Just read a report by Tech Crunch alleging that the New York Times issued an official memo to its writers “asking them to severely cut down on the use of the word ‘tweet’ outside of “ornithological contexts.”

So first of all I just have to ask, what the heck does “ornithological contexts” mean anyway? I attended college (I swear) but I can’t seem to place that God-awful phrase. Wait, let me Google it… Okay, so an ornithologist is someone who studies birds so yeah, no tweet references unless referencing bird-type-things, huh?

Times standards editor Phil Corbett, writer of the memo, argues that the word ‘tweet’ is silly and is not yet standard English. He also claims that  many people have no idea what the word means, particularly if they are not on Twitter.

REALLY? Regular people don’t know what “tweet” means?

At this point you just need to read the memo, it is hilarious: (Obtained by Tech Crunch. Major props to them for getting a copy.)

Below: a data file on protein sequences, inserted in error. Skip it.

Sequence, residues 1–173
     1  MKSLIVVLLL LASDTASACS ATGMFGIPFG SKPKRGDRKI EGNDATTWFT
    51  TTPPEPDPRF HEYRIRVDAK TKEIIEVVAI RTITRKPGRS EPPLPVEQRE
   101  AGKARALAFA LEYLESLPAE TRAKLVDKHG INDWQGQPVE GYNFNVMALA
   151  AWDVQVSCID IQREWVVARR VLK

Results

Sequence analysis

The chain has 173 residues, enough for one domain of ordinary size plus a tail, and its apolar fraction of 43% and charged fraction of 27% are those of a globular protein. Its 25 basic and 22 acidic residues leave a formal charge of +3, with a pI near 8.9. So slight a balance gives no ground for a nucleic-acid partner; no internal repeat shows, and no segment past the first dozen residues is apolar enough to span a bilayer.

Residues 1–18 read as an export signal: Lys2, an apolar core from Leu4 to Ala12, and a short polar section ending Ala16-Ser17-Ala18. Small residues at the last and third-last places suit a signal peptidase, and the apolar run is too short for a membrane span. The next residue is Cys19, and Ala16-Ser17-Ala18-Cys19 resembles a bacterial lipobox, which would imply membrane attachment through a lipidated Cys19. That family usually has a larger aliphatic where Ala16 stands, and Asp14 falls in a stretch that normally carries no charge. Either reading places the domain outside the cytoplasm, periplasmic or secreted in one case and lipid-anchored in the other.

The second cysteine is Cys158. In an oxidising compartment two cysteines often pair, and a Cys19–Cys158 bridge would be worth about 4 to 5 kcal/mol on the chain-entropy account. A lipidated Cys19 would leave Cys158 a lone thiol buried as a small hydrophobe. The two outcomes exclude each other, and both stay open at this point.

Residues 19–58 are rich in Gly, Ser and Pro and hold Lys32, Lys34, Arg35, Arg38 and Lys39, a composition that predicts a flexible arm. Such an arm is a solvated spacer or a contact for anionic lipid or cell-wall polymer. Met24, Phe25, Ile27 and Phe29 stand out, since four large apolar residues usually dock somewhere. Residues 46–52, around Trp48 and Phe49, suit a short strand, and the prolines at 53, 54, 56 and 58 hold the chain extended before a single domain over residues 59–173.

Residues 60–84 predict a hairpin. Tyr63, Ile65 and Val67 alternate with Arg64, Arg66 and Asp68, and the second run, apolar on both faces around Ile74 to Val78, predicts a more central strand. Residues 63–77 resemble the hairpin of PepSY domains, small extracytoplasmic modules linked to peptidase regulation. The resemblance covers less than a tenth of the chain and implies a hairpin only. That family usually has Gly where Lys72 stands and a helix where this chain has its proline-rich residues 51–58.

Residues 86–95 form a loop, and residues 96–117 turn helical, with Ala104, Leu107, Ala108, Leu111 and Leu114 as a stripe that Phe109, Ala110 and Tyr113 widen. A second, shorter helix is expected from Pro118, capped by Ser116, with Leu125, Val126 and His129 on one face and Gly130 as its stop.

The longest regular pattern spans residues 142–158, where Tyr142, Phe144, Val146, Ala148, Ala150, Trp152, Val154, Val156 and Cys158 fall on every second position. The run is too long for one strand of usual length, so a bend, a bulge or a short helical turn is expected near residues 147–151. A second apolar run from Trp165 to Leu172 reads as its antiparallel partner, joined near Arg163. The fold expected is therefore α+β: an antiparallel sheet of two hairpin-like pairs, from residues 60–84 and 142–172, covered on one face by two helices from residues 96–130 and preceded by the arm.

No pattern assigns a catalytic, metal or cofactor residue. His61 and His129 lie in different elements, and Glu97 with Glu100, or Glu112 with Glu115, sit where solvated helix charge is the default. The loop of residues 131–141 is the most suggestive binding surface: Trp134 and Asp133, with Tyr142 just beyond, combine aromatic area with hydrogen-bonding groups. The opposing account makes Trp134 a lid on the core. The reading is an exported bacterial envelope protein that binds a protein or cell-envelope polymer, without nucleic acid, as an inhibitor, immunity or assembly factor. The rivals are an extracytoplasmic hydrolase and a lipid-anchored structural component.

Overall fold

How About “Chirp”?

Some social-media fans may disagree, but outside of ornithological contexts, “tweet” has not yet achieved the status of standard English. And standard English is what we should use in news articles.

Except for special effect, we try to avoid colloquialisms, neologisms and jargon. And “tweet” — as a noun or a verb, referring to messages on Twitter — is all three. Yet it has appeared 18 times in articles in the past month, in a range of sections. (Who counts this anyway?)

Of course, new technology terms sprout and spread faster than ever. And we don’t want to seem paleolithic. (Yes, for the love of all that is holy they definitely don’t want to seem paleolithic!) But we favor established usage and ordinary words over the latest jargon or buzzwords.

One test is to ask yourself whether people outside of a target group regularly employ the terms in question. Many people use Twitter, but many don’t; my guess is that few in the latter group routinely refer to “tweets” or “tweeting.” Someday, “tweet” may be as common as “e-mail.” (Really?! E-mail, Phil?) Or another service may elbow Twitter aside next year, and “tweet” may fade into oblivion. (Of course, it doesn’t help that the word itself seems so inherently silly.) (And the New York Times is certainly anything but SILLY.)

“Tweet” may be acceptable occasionally for special effect. But let’s look for deft, English alternatives: use Twitter, post to or on Twitter, write on Twitter, a Twitter message, a Twitter update. Or, once you’ve established that Twitter is the medium, simply use “say” or “write.”

I can’t write anything more. Just too much to make fun of. I leave you with this “chirp” sent by @justinkownacki